Dr. Benjamin S. Lambeth assumed this position in July 2011 after a 37-year career as a Senior Research Associate at the RAND Corporation, where he remains an adjunct associate. Before joining RAND in 1975, he served in the Office of National Estimates at the Central Intelligence Agency. Prior to that, he worked for the Center for Strategic and International Studies and the Institute for Defense Analyses. From 1970 to 1973, he was a Graduate Associate of the Center for International Affairs and a Teaching Fellow in Government at Harvard University.
A civil-rated pilot, Dr. Lambeth has flown or flown in more than 40 different types of fighter, attack, and jet trainer aircraft with the U.S. Air Force, Navy, Marine Corps, and with eight foreign air forces worldwide. He also attended the USAF’s Tactical Fighter Weapons and Tactics Course and Combined Force Air Component Commander Course, the Aerospace Defense Command’s Senior Leaders’ Course, and portions of the Navy Fighter Weapons School (TOPGUN) and Marine Aviation Weapons and Tactics Instructor’s Course. In 1988, he received initial qualification training and a front-seat checkout in the F/A-18 Hornet. In December 1989, he became the first U.S. citizen to fly the Soviet MiG-29 fighter and the first Westerner invited to fly a combat aircraft of any type inside Soviet airspace since the end of World War II. In 2002, he was elected an honorary member of the Order of Daedalians, the national fraternity of U.S. military pilots.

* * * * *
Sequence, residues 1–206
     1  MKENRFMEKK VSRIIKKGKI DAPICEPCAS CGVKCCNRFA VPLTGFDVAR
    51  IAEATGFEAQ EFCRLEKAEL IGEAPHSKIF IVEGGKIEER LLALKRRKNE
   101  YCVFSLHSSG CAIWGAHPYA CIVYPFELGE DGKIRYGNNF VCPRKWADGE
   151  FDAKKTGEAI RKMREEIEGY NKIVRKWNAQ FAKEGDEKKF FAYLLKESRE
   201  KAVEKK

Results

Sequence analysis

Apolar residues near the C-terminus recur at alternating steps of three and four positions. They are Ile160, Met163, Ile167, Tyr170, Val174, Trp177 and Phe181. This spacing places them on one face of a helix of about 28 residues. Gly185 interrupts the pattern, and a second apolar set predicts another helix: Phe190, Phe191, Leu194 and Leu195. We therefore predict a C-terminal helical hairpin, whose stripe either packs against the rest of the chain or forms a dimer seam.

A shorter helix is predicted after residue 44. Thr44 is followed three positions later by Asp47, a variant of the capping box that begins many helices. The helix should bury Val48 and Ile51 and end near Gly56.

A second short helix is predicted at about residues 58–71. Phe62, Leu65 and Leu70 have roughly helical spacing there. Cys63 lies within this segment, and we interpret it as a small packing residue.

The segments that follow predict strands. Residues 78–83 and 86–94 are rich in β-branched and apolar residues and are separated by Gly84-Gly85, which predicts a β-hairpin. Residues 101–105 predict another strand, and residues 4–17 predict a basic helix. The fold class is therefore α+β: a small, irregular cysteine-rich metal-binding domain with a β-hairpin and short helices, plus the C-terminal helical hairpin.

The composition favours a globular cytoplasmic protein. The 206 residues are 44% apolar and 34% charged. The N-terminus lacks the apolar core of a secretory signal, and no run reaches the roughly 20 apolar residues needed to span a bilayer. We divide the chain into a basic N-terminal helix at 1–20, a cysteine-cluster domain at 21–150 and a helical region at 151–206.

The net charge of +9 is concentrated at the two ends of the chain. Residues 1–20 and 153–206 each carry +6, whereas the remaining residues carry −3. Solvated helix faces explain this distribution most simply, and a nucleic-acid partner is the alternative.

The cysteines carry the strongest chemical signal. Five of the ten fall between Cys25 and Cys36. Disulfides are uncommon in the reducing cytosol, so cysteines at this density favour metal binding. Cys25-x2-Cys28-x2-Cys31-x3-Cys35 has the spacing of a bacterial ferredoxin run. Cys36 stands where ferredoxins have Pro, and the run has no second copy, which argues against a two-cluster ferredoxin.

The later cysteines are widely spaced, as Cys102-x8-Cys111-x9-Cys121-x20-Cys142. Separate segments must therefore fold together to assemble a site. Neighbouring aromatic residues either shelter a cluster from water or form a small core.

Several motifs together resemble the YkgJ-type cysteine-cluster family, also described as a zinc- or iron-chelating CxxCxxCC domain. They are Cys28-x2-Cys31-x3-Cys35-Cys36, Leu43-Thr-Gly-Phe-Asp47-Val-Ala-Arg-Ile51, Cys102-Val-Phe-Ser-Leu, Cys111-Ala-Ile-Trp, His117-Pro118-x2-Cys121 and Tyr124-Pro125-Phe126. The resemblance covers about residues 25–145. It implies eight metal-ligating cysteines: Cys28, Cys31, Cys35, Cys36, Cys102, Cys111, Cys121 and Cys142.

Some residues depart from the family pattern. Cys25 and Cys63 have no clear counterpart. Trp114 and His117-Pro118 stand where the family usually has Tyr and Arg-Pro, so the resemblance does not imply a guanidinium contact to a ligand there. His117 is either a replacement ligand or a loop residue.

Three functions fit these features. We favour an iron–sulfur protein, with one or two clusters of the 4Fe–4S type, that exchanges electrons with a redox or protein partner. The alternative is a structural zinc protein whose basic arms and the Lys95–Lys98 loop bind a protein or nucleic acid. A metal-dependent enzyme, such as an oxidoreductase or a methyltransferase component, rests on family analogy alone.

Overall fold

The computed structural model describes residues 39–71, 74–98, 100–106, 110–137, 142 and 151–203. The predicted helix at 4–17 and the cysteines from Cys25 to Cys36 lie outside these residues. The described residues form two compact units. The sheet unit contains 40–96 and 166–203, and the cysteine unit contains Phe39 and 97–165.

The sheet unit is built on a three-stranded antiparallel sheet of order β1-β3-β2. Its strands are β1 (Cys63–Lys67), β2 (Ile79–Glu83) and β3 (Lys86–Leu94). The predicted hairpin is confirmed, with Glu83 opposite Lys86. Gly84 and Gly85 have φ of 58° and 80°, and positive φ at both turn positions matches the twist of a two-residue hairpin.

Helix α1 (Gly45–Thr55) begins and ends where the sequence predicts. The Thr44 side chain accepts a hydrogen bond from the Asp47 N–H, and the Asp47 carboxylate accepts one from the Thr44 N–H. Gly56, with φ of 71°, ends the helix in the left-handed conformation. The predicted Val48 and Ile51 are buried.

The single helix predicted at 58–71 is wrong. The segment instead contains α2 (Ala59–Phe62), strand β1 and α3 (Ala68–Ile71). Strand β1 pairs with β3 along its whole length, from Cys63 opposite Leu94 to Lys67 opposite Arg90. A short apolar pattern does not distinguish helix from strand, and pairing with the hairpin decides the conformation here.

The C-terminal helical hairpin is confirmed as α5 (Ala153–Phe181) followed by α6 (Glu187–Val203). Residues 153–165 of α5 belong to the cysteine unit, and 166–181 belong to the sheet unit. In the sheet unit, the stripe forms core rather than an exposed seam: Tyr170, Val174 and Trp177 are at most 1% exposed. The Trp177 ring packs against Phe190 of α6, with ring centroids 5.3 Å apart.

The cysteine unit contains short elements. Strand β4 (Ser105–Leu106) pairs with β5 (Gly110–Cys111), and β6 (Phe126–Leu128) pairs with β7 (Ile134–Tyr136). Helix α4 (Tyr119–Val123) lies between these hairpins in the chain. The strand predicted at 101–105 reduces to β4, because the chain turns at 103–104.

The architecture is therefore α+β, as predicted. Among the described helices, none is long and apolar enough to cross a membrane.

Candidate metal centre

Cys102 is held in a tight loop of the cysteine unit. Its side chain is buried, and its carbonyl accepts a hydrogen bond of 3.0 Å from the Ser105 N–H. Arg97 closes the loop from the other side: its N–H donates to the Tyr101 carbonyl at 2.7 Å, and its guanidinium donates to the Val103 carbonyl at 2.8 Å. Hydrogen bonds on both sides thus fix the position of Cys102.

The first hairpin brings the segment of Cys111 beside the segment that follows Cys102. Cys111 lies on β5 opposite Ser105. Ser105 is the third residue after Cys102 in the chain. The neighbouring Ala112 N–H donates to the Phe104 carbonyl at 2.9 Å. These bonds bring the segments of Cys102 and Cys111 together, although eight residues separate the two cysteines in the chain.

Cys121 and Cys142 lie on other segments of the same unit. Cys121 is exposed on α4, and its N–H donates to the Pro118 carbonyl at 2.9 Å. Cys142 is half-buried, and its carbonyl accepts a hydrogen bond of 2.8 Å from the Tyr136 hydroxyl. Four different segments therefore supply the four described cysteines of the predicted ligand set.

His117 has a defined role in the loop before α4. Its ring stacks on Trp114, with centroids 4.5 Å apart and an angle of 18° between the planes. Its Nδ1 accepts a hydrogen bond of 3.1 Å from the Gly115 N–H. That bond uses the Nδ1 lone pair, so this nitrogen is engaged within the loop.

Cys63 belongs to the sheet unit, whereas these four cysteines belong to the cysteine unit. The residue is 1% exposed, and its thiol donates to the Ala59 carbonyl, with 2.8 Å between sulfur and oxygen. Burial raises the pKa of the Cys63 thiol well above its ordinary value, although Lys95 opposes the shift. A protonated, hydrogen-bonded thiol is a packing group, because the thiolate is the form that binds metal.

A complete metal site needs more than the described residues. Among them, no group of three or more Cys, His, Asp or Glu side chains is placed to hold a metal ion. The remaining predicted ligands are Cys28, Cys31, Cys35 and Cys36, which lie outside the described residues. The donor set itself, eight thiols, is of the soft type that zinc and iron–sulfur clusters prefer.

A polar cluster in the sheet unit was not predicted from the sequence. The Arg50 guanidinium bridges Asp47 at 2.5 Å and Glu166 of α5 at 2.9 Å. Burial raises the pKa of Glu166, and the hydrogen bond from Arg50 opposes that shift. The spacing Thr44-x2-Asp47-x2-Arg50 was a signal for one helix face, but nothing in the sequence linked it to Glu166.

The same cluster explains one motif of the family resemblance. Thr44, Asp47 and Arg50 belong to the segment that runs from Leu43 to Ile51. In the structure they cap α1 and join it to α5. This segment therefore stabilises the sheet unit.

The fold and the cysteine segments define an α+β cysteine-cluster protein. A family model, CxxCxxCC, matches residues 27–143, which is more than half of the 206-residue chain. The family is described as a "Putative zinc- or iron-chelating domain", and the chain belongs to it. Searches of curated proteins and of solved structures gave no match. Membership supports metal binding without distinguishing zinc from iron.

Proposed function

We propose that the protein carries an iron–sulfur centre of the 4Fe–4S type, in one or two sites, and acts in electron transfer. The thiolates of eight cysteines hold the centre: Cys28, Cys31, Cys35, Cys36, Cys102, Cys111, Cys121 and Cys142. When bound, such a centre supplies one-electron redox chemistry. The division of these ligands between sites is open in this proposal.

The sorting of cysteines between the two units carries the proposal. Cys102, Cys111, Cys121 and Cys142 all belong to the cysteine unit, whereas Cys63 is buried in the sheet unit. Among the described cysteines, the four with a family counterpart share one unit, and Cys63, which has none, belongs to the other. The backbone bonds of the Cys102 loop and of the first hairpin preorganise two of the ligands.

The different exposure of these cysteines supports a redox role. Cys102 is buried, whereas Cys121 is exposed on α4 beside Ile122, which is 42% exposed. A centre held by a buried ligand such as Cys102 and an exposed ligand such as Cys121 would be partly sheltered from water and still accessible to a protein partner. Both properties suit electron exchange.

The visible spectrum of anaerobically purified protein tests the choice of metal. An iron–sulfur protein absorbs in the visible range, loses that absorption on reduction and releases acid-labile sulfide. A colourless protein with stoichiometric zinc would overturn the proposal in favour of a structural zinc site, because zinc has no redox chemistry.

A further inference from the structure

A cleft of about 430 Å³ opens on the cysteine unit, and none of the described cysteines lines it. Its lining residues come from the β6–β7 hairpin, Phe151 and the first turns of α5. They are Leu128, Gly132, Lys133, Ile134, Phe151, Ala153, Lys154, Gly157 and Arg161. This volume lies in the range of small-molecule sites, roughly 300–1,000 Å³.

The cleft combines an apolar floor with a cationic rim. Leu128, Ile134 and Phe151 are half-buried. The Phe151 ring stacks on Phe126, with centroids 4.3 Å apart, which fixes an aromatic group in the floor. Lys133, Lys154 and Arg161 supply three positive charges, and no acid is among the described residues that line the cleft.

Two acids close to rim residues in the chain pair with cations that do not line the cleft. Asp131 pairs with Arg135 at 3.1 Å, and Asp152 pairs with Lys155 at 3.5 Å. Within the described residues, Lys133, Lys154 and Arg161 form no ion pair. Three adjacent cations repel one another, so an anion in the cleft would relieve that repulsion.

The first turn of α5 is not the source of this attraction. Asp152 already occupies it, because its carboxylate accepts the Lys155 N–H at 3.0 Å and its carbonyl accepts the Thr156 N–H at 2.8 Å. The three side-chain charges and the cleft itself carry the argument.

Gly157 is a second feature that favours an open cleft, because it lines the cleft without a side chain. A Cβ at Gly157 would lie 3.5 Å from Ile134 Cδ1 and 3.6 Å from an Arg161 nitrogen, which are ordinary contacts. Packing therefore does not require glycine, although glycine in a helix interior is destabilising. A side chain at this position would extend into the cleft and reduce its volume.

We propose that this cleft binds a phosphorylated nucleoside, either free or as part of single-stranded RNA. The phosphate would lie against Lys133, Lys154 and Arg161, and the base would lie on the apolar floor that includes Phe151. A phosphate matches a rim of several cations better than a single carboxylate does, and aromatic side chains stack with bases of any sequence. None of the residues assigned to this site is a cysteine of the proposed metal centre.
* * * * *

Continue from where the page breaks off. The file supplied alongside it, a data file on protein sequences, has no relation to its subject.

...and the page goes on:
In 2008, Dr. Lambeth was appointed by the Secretary of Defense to serve an eight-year term as a member of the Board of Visitors of Air University, which he completed in 2016. He is a member of the Council on Foreign Relations, the Air Force Association, the U.S. Naval Institute, the Association of Naval Aviation, the Red River Valley Fighter Pilots Association, and the Editorial Advisory Boards of Air and Space Power Journal and Strategic Studies Quarterly. He is the author of The Transformation of American Air Power (Cornell University Press, 2000), which won the Air Force Association’s Gill Robb Wilson Award for Arts and Letters in 2001. He also wrote Russia’s Air Power in Crisis (Smithsonian Institution Press, 1999); NATO’s Air War for Kosovo (RAND, 2001); Mastering the Ultimate High Ground: Next Steps in the Military Uses of Space (RAND, 2003); Air Power Against Terror: America’s Conduct of Operation Enduring Freedom (RAND, 2005); Air Operations in Israel’s War Against Hezbollah (RAND, 2011); and The Unseen War:Allied Air Power and the Takedown of Saddam Hussein (Naval Institute Press, 2013).
B.S. in Political Science
University of North Carolina at Chapel Hill
M.A. in Government
Ph.D. in Political Science